Remand Order Constitutes Sufficient Degree of Success on the Merits to Justify Attorneys' Fees Award
In Fisher v. Aetna Life Ins. Co., 2020 U.S. Dist. LEXIS 184024 (S.D.N.Y. Oct. 5, 2020), the court held that a remand order requiring the claim administrator to reassess its denial of benefits constituted a sufficient degree of success on the merits to justify a fee award under ERISA's fee-shifting provision.
The case involved a dispute over a denied claim for medical benefits. Jacqueline Fisher received health insurance coverage through an ERISA-governed benefits plan insured by a policy issued by Aetna (the "Policy"). Over the course of 2015, Fisher made monthly purchases of Effexor, a brand name anti-depressant, and submitted claims to Aetna for reimbursement under the Policy. Fisher contested several of Aetna's adverse benefits determinations concerning her Effexor purchases under the Policy's cost-sharing system. She filed suit after exhausting her administrative remedies.
In March 2017, the court concluded that Aetna's denial of these benefits was arbitrary and capricious and remanded the matter to Aetna for further consideration. On remand, Aetna determined that three of its original four claim determinations were correct, but reversed its decision on the fourth issue, resulting in reimbursement to Fisher in the amount of $64.32. Not satisfied with the outcome, Fisher sued again.
The court entered summary judgment against Fisher on her new claims. Fisher moved for reconsideration and also sought attorneys' fees under ERISA's fee shifting provision, 29 U.S.C. Section 1132(g). In opposing these requests, Aetna argued that Fisher was merely looking to get a second bite of the apple and that fees were not warranted because any success she achieved in the matter was purely procedural.
The court agreed with Aetna on the first issue, but sided with Fisher on her attorneys' fees claim. In doing so, the court held that a remand to the plan administrator without more (a "remand simpliciter") was enough to constitute some degree of success on the merits sufficient to give the court discretion in awarding attorney's fees under the U.S. Supreme Court's decision in Hardt v. Reliance Standard Life Insurance Co., 560 U.S. 242, 253, 130 S. Ct. 2149, 176 L. Ed. 2d 998 (2010). The court was persuaded by the First Circuit's reasoning in Gross v. Sun Life Assur. Co. of Can., 763 F.3d 73, 78 (2014), that there are two positive outcomes inherent in a remand order: "(1) finding that the administrative assessment of the claim was in some way deficient, and (2) the plaintiff's renewed opportunity to obtain benefits or compensation." If the court determines that the plaintiff achieved some degree of success on the merits, then it has full discretion to award attorneys' fees without further inquiry, although not required to do so.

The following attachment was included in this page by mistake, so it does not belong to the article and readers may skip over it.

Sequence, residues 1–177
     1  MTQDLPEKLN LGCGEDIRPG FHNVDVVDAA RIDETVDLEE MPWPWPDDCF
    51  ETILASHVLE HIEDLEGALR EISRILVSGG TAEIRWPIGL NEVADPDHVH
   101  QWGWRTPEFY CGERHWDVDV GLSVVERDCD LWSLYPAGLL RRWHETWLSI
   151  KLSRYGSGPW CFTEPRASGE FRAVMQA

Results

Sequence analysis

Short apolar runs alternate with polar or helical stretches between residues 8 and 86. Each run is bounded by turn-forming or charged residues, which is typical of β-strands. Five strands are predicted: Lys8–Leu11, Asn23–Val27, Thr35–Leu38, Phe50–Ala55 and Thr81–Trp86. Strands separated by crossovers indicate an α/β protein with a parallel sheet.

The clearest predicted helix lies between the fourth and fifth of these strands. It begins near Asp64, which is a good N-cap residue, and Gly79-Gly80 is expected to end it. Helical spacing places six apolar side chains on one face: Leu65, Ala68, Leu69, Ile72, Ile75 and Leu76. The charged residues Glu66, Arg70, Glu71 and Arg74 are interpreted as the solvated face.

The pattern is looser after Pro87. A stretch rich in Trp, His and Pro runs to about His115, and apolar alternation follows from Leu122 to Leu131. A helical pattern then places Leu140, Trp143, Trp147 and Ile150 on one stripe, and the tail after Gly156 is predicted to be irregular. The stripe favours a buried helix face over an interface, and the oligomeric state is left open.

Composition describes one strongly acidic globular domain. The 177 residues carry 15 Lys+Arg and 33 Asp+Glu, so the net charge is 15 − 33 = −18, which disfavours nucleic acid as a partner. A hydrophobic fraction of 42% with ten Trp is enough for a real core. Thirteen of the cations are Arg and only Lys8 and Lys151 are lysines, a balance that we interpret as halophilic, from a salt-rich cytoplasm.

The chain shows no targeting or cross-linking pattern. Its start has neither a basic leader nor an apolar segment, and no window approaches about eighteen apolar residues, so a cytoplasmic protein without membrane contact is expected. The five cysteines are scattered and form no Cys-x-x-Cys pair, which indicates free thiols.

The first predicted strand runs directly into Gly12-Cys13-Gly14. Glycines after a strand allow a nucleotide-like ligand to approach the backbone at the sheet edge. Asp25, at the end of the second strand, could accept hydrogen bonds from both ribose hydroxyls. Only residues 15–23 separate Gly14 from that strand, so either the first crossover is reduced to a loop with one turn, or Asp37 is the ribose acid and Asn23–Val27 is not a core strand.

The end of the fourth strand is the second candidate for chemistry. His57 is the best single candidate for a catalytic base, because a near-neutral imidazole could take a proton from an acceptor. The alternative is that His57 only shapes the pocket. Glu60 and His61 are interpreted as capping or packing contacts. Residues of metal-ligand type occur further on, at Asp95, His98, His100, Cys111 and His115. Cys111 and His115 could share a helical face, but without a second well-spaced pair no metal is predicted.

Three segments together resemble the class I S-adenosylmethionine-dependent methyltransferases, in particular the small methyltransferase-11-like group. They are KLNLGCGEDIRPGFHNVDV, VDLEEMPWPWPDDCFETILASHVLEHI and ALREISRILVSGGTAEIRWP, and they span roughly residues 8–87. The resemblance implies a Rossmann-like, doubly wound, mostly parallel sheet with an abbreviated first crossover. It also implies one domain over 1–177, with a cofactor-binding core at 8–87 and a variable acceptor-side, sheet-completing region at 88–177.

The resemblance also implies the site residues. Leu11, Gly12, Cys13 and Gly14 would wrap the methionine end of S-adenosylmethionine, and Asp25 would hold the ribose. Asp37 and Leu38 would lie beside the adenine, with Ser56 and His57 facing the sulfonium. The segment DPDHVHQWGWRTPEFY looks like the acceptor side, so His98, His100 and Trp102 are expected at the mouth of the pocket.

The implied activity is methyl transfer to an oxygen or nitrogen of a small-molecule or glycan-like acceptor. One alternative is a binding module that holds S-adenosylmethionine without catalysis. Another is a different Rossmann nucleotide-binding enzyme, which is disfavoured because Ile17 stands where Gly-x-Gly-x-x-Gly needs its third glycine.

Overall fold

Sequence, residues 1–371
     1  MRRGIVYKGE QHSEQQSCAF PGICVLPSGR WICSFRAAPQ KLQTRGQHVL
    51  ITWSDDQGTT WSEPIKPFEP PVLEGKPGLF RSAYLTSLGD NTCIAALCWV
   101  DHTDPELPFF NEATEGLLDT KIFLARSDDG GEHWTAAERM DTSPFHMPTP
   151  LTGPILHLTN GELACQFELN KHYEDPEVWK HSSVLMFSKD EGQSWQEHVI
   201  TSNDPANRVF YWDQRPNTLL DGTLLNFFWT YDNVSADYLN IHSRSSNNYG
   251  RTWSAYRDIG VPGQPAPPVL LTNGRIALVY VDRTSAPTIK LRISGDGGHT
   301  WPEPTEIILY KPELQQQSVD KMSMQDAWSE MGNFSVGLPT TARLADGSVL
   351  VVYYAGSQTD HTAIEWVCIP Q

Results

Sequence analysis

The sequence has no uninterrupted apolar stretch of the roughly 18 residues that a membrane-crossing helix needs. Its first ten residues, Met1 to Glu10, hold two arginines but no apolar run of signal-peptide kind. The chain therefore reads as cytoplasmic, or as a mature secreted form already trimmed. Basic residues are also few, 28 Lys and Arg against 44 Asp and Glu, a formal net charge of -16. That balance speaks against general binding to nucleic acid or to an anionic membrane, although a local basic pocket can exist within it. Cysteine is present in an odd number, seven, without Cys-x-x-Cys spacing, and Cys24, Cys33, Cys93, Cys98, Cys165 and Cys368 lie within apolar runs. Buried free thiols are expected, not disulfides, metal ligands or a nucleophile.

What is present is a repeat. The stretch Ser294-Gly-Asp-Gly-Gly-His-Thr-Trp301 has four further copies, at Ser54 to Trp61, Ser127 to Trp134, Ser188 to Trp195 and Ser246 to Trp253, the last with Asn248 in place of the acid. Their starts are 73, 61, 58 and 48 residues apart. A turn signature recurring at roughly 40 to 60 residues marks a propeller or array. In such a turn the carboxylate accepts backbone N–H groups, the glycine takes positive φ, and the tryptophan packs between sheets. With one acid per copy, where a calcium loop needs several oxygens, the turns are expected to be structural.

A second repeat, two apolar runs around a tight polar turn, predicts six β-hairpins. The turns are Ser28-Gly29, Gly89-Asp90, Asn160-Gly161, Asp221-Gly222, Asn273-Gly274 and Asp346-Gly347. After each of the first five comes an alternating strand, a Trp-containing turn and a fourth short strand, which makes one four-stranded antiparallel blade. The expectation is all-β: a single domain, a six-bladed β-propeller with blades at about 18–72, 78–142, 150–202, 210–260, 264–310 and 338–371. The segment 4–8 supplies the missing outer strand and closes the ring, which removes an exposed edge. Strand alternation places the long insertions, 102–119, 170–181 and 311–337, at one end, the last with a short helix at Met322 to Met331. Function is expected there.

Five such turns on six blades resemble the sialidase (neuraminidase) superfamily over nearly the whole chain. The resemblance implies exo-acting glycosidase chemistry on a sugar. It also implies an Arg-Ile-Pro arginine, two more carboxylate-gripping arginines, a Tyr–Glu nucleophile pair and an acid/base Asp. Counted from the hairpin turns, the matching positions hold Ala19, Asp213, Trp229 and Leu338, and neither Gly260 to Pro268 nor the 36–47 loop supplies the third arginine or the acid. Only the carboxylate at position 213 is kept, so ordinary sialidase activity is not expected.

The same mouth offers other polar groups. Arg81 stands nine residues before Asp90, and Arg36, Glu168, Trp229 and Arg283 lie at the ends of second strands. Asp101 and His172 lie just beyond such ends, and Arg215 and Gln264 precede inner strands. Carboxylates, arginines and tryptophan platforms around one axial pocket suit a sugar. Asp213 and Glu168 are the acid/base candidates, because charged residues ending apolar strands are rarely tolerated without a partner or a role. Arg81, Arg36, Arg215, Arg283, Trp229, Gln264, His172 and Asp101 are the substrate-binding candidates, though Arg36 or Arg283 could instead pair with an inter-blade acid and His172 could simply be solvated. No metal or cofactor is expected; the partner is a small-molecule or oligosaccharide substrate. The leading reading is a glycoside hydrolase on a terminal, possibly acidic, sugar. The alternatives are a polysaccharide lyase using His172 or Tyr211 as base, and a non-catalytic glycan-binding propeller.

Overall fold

The court noted that in exercising its discretion on whether to award attorneys' fees, a court may review five additional factors, as set forth in Chambless v. Masters, Mates & Pilots Pension Plan, 815 F.2d 869, 871 (2d Cir. 1987): "(1) the degree of the offending party's culpability or bad faith, (2) the ability of the offending party to satisfy an award of attorneys' fees, (3) whether an award of fees would deter other persons from acting similarly under like circumstances, (4) the relative merits of the parties' positions, and (5) whether the action conferred a common benefit on a group of pension plan participants." While none of these factors is dispositive, the degree of culpability and relative merits of the parties' positions weigh heavily. In applying the Chambless factors to the facts of Fisher, the court determined that an award of attorneys' fees was appropriate, albeit in a fraction of the amount sought by Fisher, following a reasonableness analysis.